We were delighted to see a small herd of breeding eland in the marsh together with a few good sized bulls. bush buck males and females have been grazing on the edges of the woodlands in the early morning and evening and on the east side of the marsh the short grass has exposed small units of female Bohors Reedbuck. In the last 8-10 days there have been many zebra and wildebeest moving down from the Koiyaki conservation areas towards the Musiara Marsh driven by a lack of good grazing and competition with Masai cattle in these areas bordering the reserve.
Two large troops of resident Olive Baboons have been foraging around the fringes of the forest and the marsh. Baboons are terrestrial primates and have a more omnivorous diet that their arboreal cousins with insects and some meat included in their diet. The males do not maintain life-long social ties with their kin and so female kinship forms the core of the Olive (Anubis) Baboon society. The females do not emigrate from their natal groups and so female kin tend to have life-long associations. Within a troop, there is a dominance hierarchy of matrilines. In general, an individual female occupies a place in the hierarchy immediately below her mother. Dominance relationships appear to develop from infancy, when maternal kin intervene in encounters with other baboons. On the morning of the 29th there was a show down of baboon activity with a tremendous noise and many males running around. The commotion caused many females to jump into the Mara River and swim across. In the confusion one infant fell into the rapids of the river and was swept fifty meters downstream before it was retrieved by its panic stricken mother.
On the 23rd one female Black Rhino was seen on the west side of Rhino Ridge and also earlier on in the month a female probably the same one was seen near the Musiara airstrip.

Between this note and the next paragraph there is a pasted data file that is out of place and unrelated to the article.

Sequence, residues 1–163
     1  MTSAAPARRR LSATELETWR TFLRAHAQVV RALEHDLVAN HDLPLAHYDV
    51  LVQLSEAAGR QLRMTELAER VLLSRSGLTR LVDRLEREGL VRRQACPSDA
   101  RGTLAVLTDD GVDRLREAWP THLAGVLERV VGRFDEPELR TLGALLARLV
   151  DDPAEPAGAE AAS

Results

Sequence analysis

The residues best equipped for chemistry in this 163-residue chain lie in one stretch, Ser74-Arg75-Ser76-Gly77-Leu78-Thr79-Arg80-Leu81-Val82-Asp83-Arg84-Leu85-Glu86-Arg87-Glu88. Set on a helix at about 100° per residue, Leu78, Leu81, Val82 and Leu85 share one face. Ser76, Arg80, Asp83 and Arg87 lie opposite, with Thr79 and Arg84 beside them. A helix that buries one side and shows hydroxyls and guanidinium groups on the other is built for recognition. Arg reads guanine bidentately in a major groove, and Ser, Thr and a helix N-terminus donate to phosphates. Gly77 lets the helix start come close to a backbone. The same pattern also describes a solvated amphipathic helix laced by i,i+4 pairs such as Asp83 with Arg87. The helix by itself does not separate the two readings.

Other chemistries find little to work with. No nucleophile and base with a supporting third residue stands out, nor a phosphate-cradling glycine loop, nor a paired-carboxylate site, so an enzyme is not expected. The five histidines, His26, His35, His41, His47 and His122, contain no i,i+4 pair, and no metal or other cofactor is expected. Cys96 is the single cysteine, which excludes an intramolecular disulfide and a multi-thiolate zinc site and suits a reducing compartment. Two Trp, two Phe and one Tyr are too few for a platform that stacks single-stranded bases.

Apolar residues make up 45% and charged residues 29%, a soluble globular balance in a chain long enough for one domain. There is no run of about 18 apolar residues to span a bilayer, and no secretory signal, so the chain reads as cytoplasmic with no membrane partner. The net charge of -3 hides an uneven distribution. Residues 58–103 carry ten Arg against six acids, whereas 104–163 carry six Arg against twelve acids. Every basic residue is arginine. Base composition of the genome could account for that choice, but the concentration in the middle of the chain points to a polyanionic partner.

The Bila Shaka/Marsh pride of three males, four breeding females and their nine cubs of varying ages have been near our airstrip and on the edges of the marsh. They have been feeding off the resident buffalo, zebra, topi and eland. One of the males was mating with one of the females and another male is in poor shape. He appears to have broken his lower jaw and has trouble eating, his left lower canine is broken and he is scarred on his face.
The paradise/Ridge pride of 4 males and females are continuing to thrive and were seen towards the end of the month crossing the Mara River into the reserve.
The female cheetah Shakira has been regularly hunting Thomson Gazelle fawns and hares up on the ridges and down on the plains and her three cubs (now five months old) are healthy and growing stronger. The three nomadic cheetah males have been out on the plains hunting Thompson Gazelles. A coalition of males like these three will travel great distances in search of prey and the possibility of females in estrus.
The female cheetah Malaika now only has one cub (nearly two months old), on the 19th we noticed that one cub was missing we suspect that the cub may have been taken by a resident leopard as leopard are partial to killing and eating other felines.
The female cheetah Alama made a great recovery and now has the strength to hold and suffocate larger prey species and is feeding off Thomson Gazelles and their fawns. Tragically two days ago she also lost two of her cubs, we think once again to a leopard.
Speaking of leopard, we have had lots of fabulous sightings of leopard again this month. Kijana the young male has been seen regularly on the edge of the marsh. A female and cub has been seen on the banks of the Talek River and a large male has been in the forest near Il Moran, venturing close to camp in the evenings.
We hope to share the magic of our corner of the Mara with you sometime soon